BOOKS: by Bill JamesNews Weekly
THE DICTATORS: Hitler's Germany, Stalin's Russia, by Richard Overy
, December 18, 2004
THE DICTATORS: Hitler's Germany, Stalin's Russia
By Richard Overy
Penguin / Allen Lane
Hardback RRP: $59.95This is a big, heavy book. Beware of reading it in bed - if you fall asleep with it on your chest, you could risk death from peine forte et dure.
It is all about Hitler and Stalin, but it is not biographical after the form of Alan Bullock's 1991 Hitler and Stalin: Parallel Lives
. Nor is it a straight history of Germany 1933-45 and the USSR 1924-53; there is no mention, for example, of the Reichstag fire, or the Yalta conference.
What Overy has set out to do, to put it in crude undergraduate terms, is a "compare and contrast" of the two dictatorships, under a number of topical headings. These include Cults of Personality, States of Terror, Commanding the Economy, Total War, and Empire of the Camps.
A pair of quotes employing the language of recumbency sums up the similarities between the two regimes.
Russian novelist Isaac Babel remarked that the only privacy in the Soviet Union consisted of a whispered conversation between man and wife in bed at night with the blankets pulled over their heads. Nazi lawyer Hans Frank boasted that the Third Reich only left its citizens alone when they were asleep.
This could conveniently be summarised as totalitarianism, but Overy shares the current scepticism regarding the term. Despite the aspiration of Nazis and Communists to dominate all aspects of public life, in neither case was party control monolithic, all-inclusive and omnipotent.
On the subject of control, Overy makes the point that both dictatorships enjoyed approval and even co-operation from the bulk of their populations in the fight against alleged enemies of the Volk
(Germany) and socialism (USSR). Most citizens rarely witnessed an occasion of explicit repression such as an arrest, and lived with an attitude of prudence rather than fear.
There were other similarities. Hitler and Stalin shared a weakness for grandiose architecture, and for art which was "representational, didactic and heroic".
Paintings which the Fuhrer believed did not meet these criteria were dismissed as examples of "nigger culture" or "culture-bolshevism". The Communists exhibited classics of socialist realism such as Comrade Mikoyan at the Astrakhan Fish-Processing Plant
in galleries emblazoned with Stalin's slogan, "Life has got better, life has got jollier". Both regimes burned books.
It would be tendentious, reductionist and downright inaccurate to suggest that the two systems were Tweedledum and Tweedledee. There were many areas in which they differed, and Overy teases them out and puts them on display.
For example, despite the horrors of both camp systems, 40 per cent of Nazi prisoners finished up dead, as opposed to 14 per cent of Soviet prisoners, reflecting the different intentions behind the two systems of mass incarceration.
What is particularly interesting, however, are the similarities in areas which have been traditionally regarded as highlighting the fundamental distinctions between fascism and communism.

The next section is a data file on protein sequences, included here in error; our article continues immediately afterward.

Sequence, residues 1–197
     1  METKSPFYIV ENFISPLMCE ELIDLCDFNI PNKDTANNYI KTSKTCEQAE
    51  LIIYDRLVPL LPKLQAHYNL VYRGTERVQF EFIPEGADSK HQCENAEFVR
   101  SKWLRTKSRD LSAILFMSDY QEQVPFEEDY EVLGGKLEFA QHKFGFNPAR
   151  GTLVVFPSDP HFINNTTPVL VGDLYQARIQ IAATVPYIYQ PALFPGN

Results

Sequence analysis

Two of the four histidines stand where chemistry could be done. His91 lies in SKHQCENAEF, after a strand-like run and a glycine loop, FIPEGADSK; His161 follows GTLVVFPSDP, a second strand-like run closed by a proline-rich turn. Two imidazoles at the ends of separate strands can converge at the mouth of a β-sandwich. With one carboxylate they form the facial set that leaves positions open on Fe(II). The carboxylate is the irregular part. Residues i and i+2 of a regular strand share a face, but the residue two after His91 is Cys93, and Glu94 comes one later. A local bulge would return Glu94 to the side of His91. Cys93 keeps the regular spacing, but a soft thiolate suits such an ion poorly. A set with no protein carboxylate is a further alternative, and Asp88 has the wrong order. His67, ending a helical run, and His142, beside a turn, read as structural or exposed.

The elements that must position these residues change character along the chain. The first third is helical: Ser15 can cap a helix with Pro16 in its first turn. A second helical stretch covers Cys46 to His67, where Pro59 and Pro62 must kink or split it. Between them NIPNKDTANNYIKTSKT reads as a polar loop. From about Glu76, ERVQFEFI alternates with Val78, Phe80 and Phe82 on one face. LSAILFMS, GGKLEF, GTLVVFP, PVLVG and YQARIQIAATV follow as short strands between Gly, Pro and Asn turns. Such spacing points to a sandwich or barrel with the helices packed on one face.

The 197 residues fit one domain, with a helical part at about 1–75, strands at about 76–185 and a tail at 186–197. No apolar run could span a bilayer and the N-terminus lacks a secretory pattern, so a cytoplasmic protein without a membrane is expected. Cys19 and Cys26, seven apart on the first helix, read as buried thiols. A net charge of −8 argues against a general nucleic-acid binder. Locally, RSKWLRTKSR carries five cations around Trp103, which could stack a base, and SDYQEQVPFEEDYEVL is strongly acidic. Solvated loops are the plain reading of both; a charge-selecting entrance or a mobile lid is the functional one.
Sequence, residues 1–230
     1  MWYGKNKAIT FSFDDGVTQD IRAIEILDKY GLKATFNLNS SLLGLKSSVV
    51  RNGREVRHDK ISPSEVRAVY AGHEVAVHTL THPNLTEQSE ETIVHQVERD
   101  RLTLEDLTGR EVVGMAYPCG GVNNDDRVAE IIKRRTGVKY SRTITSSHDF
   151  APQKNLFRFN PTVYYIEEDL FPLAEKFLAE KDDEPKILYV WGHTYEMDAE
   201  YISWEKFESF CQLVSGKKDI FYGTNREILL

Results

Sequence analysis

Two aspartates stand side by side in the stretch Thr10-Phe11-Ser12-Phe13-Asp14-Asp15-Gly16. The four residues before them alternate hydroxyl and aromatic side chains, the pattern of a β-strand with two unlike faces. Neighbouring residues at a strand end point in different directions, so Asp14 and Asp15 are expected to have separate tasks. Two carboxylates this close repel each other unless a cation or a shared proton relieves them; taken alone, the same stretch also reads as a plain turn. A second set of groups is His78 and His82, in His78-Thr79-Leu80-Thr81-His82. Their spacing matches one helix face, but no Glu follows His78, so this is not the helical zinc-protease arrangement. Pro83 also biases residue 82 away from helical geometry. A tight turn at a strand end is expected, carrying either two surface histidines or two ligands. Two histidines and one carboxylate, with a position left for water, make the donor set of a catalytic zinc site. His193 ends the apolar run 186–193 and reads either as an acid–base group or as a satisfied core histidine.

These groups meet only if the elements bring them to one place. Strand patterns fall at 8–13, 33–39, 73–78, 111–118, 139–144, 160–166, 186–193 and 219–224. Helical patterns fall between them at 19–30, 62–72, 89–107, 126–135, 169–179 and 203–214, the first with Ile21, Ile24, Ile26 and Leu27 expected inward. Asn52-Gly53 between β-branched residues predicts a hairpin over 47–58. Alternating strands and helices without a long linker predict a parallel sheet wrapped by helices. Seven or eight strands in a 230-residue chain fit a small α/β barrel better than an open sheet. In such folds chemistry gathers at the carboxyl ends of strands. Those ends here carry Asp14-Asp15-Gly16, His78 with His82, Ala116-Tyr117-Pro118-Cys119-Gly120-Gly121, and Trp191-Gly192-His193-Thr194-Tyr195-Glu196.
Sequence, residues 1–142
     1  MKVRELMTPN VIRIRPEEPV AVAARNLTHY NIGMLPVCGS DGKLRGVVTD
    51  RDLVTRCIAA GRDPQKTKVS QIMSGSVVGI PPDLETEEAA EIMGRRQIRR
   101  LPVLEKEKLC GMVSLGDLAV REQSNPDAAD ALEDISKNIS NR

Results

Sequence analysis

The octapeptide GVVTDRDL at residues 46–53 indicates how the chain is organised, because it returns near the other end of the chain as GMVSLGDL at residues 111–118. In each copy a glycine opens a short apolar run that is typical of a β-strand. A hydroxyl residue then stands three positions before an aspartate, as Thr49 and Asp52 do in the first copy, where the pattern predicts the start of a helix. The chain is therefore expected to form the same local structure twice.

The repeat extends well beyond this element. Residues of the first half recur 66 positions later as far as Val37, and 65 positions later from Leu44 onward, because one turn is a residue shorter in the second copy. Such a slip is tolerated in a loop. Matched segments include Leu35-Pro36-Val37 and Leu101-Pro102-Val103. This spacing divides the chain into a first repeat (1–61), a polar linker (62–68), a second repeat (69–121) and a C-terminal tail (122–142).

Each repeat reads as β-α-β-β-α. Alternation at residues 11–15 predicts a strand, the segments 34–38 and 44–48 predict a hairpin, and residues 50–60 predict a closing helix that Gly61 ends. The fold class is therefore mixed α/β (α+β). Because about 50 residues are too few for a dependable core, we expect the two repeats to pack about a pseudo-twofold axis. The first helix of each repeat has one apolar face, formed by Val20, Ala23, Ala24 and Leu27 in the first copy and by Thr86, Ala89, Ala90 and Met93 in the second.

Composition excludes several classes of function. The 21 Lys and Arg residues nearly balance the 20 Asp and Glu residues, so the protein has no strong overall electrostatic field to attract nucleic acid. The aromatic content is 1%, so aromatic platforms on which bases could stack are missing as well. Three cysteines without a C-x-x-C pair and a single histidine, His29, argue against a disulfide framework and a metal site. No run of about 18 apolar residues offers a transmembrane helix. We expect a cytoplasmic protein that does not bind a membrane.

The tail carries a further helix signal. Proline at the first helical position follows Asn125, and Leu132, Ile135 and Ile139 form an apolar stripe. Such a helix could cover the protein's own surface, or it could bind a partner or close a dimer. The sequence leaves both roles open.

One such area is the economy, in which the former has been characterised as an extreme form of capitalism, and the latter as pure socialism. Both, in fact were command economies run by rabid anti-capitalists.
Hitler inherited a German economic tradition of nationalism and dirigisme, not liberalism, let alone libertarianism. Nazism never regarded private property as sacrosanct.
Stalin set up a system which exploited peasants and proletarians far worse than any mediaeval baron or 19th century plutocrat had ever done, and which encouraged ferocious, Stakhanovite competition between workers, as well as between the administrators responsible for the success of his Five-Year Plans.
Perhaps the most fundamental similarity between the two regimes was an aggressive rejection of Christianity and its replacement by a new, secular religion.
Each dictator was hailed as a messiah using the terminology of divinity. Hitler was routinely addressed as a god, and as "a new, greater and more powerful Jesus Christ". Stalin - in the tradition of those (not just Manning Clark!) who described Lenin as "Christ-like" - was also referred to as a god, and as the one "who didst give birth to man".
Both dictators promised heaven on earth for the new man, to be created by eugenics in the Nazi Reich, and by an optimum economic and social order in the Soviet Union.
Both new moral orders banned abortion because it would restrict the number of workers and soldiers at the state's disposal. Abortion was permitted only in instances of possible physical deformity, mental deficiency and, in the case of the Nazis, racial impurity. In other words, both regimes treated the unborn person as a means rather than an end.
This is a well-organised and workmanlike, but also stimulating publication, provoking an "Oh, yeah! Of course ... " reaction on almost every page. And, as I warned, it is big and heavy. I computed with a calculator and a pair of kitchen scales that it works out at a cent for every two and a half milligrammes, but I fear that the average bookshop will insist on selling it only as a complete unit.